Britain has become a nation of advisers. All we seem to be good at any more is offering advice. Tony Blair advises George Bush on world affairs, although the President may or may not take any notice of what the Prime Minister has to say. Alastair Campbell is a special adviser to Blair. He also advises the press on how the Prime Minister has advised the American president. Jo Moore and Martin Sixsmith were media advisers in the Department of Transport. Until they left their posts, these two people advised the most hated department in Whitehall on how to make bad news seem like good news. Newspapers advise us that the good news about trains and roads is actually very bad news. And so it is. Meantime, the papers have lots of advice on our current national obsession, cosmetic surgery. Should we or shouldn’t we, can we or can’t we, look younger than we really are? In today’s Daily Mail, various individuals offer their advice on Botox, the chemical weapon used to combat ageing. The anthropologist Desmond Morris says Botox is a bad thing, and Geordie Greig, editor of The Tatler, expresses his anxieties about using such a poisonous substance if one was pregnant.
This morning, I found myself seeking some advice I didn’t really need. I wanted to send a friend a present, and, once I had decided on some champagne, rang a well-known London wine merchant. “Hello, I’d like to buy some champagne.” “Hold on,” said a lady at the other end of the line. “I’ll put you through to one of wine advisers.” “No, no,” I replied. “I don’t need any advice.” “You need to speak to one of our wine advisers,” the lady insisted, passing on my call to the wine advisers’ department. My wine adviser tuned out to be nice man called Nick who didn’t give me any advice because I told him exactly what I wanted to buy. But because he was nice, I asked him whether he thought my purchase was a good one or not, and could I, should I, do better. Nick said: “That’s a good present. Is there anything else I can help you with today?” He couldn’t, but he had already given me the best advice, which is to confirm one in one’s own decision.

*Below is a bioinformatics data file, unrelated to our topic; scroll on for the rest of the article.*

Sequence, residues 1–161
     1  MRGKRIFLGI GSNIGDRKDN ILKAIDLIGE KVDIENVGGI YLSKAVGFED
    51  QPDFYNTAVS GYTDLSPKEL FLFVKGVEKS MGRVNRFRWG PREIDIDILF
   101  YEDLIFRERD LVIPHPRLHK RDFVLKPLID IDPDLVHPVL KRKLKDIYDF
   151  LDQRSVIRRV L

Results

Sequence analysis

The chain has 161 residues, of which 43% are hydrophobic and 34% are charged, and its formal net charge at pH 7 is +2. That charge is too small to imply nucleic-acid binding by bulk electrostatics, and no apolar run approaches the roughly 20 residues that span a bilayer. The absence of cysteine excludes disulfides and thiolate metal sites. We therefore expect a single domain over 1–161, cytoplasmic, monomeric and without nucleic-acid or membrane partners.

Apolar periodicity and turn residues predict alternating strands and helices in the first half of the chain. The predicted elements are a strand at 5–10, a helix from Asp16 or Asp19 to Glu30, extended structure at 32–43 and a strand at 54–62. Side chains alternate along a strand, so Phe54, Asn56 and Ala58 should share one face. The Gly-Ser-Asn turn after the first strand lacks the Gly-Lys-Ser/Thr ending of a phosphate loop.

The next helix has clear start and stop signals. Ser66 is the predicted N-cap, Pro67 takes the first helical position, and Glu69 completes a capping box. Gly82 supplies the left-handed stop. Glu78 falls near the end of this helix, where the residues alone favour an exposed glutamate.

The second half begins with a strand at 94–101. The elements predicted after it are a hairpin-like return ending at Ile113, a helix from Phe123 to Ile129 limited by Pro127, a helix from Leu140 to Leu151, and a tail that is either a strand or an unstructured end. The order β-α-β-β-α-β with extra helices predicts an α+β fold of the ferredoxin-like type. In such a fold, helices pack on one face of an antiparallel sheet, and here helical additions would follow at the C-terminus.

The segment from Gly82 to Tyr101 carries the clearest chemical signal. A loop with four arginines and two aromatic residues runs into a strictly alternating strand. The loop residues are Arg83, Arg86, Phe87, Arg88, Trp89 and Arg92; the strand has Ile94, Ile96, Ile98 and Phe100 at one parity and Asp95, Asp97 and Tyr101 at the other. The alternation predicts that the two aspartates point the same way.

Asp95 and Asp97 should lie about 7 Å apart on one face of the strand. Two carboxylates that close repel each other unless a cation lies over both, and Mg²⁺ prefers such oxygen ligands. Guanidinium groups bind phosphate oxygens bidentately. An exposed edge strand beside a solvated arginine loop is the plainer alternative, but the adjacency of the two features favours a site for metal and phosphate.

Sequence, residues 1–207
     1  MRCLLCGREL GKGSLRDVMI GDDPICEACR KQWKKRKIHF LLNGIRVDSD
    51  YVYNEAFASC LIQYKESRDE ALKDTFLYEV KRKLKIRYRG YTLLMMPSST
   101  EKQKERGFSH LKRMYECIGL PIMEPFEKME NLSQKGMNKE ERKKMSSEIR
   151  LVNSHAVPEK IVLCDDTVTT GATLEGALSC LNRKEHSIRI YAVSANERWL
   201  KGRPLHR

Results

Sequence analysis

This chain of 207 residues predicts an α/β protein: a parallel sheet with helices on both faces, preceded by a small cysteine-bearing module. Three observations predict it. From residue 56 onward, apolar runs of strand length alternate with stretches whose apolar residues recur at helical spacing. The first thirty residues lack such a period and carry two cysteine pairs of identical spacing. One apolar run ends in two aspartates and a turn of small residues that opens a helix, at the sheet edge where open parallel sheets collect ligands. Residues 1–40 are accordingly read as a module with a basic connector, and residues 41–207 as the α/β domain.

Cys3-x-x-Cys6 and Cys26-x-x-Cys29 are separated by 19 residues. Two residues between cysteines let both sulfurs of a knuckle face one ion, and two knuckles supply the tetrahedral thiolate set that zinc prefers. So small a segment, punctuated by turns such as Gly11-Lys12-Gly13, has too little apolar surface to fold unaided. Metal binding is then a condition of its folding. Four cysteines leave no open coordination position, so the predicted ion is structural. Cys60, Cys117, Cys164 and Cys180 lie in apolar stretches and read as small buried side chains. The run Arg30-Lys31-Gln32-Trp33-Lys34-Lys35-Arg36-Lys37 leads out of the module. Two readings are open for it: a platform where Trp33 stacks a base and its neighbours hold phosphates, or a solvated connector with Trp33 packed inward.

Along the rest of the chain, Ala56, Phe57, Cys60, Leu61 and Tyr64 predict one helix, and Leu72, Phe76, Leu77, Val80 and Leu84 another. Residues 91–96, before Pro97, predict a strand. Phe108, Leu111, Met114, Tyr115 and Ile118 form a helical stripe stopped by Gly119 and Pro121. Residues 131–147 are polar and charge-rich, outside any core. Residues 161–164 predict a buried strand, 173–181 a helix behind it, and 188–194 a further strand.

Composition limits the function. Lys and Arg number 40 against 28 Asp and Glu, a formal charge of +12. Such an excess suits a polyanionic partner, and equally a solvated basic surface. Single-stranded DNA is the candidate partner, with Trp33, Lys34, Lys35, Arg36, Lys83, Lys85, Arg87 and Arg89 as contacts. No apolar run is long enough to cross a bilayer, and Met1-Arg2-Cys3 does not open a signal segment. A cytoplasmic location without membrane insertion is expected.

Unlike my wine adviser, Whitehall’s special advisers—those infamous spin doctors—have a different view of what constitutes good advice. Like continuity editors in the movies, a spin doctor believes the important thing is to coerce ministers and civil servants into sticking to “the plot”—whatever they have decided the plot must be. The Prime Minister’s Official Spokesman, Alastair Campbell, is Mr. Continuity since he has the task of ensuring that all of Whitehall’s special advisers stick to the really big plot—Labour’s grand plan for the rebuilding of Britain. As yesterday’s Sunday Times report on Martin Sixsmith’s departure from the Department of Transport suggested, the “story” matters as much to Campbell as whether the interests of a department are served or not. And Campbell goes about staging the plot and subplots of his story as ruthlessly as the best continuity editor in Hollywood.
On Radio 4’s Today programme this morning, the political editor of the BBC, Andrew Marr, said that Campbell wanted to exert “brutal political control” over Whitehall, while Lord McNally, head of a parliamentary committee on Standards in Public Life, said that he had made thuggery and bullying “a creed”. One wonders how Estelle Morris, the Secretary of State for Education, can hope to outlaw bullying and thuggery from British schools, as she has proposed, when such practices are rampant at the summit of British political life.
In yesterday’s Observer, the historian Paul Kennedy offered his advice to Americans on how they can counter anti-U.S. sentiment in Europe and elsewhere. Be nice, be generous, was Kennedy’s general point. And don’t appear to be a bully. My London friends dislike the idea that the United States can tell the rest of the world what to do. These friends are, however, often less anti-American than some of my New York pals, many of whom are more hostile to American culture than anyone I know in Europe. On principle, they refuse to go to McDonald’s or to see an action film, and tend to believe that much of America west of the Hudson, east of the San Andreas Fault, and south of Chicago is entirely dumb.
Before September 11, such views were hardly uncommon. The so-called “Culture Wars” of the late 1980s and 1990s were all about how bad American life had become, whether the arguments came from the Right or the Left. Turn to some back issues of The National Review and The Nation, and you can follow the to-and-fro of Tweedledum and Tweedledee—the Right blaming the Left and the Left blaming the Right for all that was wrong with America. Now, since September 11, Americans have been advising the Europeans that they never meant it and that American culture is great after all. It is this new advice that Europeans are finding hard to swallow.